An early, ahem, doomsday prediction that's not reflected here yet? Hayden to Injured Reserve, with Chimdi Chekwa taking his roster spot.
Usama Young being on the PUP list to start camp keeps him in the danger zone .
Dennis Allen believes Janikowski's "trust" issues with King as his holder are a thing of the past.
“From the standpoint of who we have and going to training camp feeling good about being competitive and winning some games -- you ask yourself can you go into games knowing you’ve got a defense that can pressure the quarterback, cover receivers and stop the run?” he said. "On offense, you ask do you have guys who can protect, run the ball, throw the ball and catch the ball? The answers are, yes. Now, we’ve got a lot of new guys who have to adapt to each other, but I feel like we’re right where I thought we’d be.”
The first two years of the rebuild were painful, with back-to-back 4-12 seasons. McKenzie had to get a bloated salary cap under control, overcome the absence of draft picks in Year 1 and listen to the frustration of a fan base that hasn’t seen a winning season in Oakland since 2002.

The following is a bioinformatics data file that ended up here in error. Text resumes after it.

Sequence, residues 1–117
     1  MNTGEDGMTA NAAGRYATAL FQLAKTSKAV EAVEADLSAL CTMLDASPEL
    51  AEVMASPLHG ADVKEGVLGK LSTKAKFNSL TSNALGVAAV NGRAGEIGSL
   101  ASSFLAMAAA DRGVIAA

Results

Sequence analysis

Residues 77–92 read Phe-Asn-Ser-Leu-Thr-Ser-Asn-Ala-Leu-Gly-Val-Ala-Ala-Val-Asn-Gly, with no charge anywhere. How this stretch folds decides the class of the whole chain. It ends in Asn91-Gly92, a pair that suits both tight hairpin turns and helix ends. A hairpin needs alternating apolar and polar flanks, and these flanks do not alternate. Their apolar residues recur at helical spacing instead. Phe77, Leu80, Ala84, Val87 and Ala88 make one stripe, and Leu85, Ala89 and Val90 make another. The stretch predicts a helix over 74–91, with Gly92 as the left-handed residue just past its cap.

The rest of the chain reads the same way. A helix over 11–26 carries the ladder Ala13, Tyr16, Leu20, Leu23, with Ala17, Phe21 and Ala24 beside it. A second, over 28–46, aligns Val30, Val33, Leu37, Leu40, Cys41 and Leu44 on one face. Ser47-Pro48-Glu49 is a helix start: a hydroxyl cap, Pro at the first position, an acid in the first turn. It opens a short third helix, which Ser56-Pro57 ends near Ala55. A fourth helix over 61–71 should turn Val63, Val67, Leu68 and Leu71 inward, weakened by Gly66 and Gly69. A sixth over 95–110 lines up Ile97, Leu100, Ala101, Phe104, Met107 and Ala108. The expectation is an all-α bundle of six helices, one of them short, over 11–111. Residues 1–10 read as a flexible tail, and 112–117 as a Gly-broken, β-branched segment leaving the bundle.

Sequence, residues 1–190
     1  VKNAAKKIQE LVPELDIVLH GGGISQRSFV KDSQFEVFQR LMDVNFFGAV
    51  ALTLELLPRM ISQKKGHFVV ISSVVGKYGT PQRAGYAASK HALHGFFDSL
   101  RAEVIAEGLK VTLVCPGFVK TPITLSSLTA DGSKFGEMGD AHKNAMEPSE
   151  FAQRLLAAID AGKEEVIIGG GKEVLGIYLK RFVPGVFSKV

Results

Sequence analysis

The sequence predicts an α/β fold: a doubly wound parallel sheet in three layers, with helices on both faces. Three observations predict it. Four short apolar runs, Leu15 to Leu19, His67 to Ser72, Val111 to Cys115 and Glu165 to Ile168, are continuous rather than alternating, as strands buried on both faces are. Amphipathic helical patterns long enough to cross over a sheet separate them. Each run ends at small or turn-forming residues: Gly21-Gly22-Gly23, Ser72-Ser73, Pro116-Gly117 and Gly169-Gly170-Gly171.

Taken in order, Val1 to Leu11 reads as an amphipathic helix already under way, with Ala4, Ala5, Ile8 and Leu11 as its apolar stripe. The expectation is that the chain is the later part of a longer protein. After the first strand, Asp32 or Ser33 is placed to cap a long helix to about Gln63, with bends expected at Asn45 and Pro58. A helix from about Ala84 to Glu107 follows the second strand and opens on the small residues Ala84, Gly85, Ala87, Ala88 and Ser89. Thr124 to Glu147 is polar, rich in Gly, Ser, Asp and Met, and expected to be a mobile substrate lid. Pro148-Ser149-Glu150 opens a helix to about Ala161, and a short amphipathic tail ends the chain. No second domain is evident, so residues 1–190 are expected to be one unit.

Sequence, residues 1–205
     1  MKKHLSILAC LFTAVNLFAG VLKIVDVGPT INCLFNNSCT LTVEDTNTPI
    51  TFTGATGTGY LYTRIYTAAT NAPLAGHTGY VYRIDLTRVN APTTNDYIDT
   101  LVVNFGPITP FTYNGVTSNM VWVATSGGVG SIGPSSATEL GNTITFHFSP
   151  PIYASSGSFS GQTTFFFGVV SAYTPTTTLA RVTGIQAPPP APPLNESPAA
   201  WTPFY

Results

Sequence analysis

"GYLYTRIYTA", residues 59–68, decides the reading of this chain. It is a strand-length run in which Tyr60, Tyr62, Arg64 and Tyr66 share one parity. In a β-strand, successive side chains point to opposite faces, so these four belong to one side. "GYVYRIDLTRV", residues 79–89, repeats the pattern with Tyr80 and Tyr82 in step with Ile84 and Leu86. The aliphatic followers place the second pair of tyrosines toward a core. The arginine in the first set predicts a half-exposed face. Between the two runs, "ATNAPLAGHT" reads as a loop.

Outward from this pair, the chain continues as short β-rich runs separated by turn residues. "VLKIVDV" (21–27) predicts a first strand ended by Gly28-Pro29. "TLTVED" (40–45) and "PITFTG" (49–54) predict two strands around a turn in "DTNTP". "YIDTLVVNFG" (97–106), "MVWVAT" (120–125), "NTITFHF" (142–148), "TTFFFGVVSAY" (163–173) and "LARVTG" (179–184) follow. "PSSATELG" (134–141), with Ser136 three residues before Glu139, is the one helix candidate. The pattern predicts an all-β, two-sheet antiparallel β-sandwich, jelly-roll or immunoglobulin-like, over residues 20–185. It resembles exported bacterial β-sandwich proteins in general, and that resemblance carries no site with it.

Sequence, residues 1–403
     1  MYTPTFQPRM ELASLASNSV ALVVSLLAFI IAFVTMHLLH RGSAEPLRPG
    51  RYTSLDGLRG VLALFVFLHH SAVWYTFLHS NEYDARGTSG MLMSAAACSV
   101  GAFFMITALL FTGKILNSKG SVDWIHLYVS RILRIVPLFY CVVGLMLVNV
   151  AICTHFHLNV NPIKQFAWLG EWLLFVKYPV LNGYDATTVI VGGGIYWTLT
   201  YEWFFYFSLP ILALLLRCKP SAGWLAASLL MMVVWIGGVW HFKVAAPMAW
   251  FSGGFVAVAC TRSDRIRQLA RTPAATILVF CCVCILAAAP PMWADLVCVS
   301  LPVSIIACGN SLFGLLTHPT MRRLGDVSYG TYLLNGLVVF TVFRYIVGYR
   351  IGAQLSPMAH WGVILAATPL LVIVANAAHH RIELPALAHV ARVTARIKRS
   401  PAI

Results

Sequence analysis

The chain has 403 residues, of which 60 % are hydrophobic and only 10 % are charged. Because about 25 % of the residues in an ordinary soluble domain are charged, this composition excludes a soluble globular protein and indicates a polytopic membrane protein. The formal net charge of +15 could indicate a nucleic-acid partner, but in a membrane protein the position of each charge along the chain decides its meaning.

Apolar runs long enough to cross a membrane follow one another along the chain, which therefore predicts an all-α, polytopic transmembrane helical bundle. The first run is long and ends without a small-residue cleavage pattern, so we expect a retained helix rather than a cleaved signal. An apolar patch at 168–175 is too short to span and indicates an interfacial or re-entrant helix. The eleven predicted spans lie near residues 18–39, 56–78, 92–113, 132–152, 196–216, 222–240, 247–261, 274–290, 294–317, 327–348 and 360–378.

The key to this season will be good health, he said. Some of the free agents being counted on the most arrived with a recent history of injuries that caused them to miss games or negatively impacted their performances on the field. Among them, defensive end LaMarr Woodley hasn’t played a full season since 2010; cornerback Carlos Rogers ended last season with a hamstring strain that limited his play; and running back Maurice Jones-Drew was sidelined for 10 games in 2012 with a bad foot and was slowed by an assortment of injuries last year.
McKenzie says he’s not concerned by the lack of a true No. 1 receiver.